The crippling custom of footbinding is the thematic touchstone for this engrossing study of Chinese women in San Francisco. Judy Yung, a second-generation Chinese American born and raised in San Francisco, shows the stages of "unbinding" that occurred in the decades between the turn of the century and the end of the World War II, revealing that these women - rather than being passive victims of oppression - were active agents in the making of their own history.
Yung (Chinese Women of America: A Pictorial History, Univ. of Washington Pr., 1986) has written a thorough and engrossing social history of Chinese women in San Francisco, from the turn of the century through the end of World War II. Using oral history interviews, unpublished autobiographies, government census reports, and English- and Chinese-language newspapers, Yung illuminates the larger canvas of social change with the stories of specific women from the first and second generations and their quests to improve their lives. The book is particularly valuable for its analysis of class differences within the Chinese community (merchant, peasant, bound servant, etc.), which created even more obstacles for Chinese women to overcome. This work offers engrossing reading; highly recommended for academic and public libraries.Katharine L. Kan, Aiea P.L., Hawaii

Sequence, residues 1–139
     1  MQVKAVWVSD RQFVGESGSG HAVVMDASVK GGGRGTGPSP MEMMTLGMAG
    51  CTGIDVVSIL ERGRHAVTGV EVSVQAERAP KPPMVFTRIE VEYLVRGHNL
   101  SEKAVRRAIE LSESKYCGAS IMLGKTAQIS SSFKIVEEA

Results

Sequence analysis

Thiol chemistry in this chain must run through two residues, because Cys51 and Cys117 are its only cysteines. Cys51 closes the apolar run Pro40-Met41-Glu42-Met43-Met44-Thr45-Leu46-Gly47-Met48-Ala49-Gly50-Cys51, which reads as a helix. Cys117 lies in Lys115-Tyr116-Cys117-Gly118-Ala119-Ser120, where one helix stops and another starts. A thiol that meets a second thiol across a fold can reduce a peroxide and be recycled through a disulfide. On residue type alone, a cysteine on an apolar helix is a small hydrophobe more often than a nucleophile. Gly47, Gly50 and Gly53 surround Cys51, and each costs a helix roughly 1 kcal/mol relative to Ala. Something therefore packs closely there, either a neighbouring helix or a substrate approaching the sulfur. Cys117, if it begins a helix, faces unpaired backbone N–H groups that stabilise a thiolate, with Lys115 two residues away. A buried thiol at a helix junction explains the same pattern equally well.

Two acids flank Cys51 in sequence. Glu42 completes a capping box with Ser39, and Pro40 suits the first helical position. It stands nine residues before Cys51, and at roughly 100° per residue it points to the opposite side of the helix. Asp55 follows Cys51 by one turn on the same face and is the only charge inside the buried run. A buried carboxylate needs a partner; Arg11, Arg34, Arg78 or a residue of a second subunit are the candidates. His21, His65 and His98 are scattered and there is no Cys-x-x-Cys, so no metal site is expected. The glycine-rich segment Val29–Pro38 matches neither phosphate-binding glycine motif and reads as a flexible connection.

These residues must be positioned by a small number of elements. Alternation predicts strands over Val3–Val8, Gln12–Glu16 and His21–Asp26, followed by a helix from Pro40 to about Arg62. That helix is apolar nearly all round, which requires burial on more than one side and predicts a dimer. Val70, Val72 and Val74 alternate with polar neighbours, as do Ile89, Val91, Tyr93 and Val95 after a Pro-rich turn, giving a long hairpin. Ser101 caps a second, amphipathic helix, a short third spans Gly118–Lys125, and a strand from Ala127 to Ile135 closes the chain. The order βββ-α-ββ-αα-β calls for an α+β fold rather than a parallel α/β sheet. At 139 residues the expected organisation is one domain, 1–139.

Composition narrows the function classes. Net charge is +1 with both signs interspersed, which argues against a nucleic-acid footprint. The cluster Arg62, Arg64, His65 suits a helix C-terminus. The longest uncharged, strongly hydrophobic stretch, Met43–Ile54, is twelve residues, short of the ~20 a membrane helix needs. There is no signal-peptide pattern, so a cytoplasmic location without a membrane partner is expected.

Lady Hyegyong married Crown Prince Sado when they were both nine years old. The prince descended into violence and insanity in adulthood, and was killed by his father. Lady Hyegyong chose to live, and her son was later crowned king. She wrote the collected four memoirs in an attempt to weather the storms of political intrigue surrounding her. Contains introductory material, a glossary, and genealogical tables. Annotation c. Book News, Inc., Portland, OR (booknews.com)
Judy Yung is Assistant Professor of American Studies at the University of California, Santa Cruz. She is the author of Chinese Women of America: A Pictorial History (1986) and the coauthor of Island: Poetry and History of Chinese Immigrants on Angel Island (1980, 1991), which won the Before Columbus Foundation Book Award.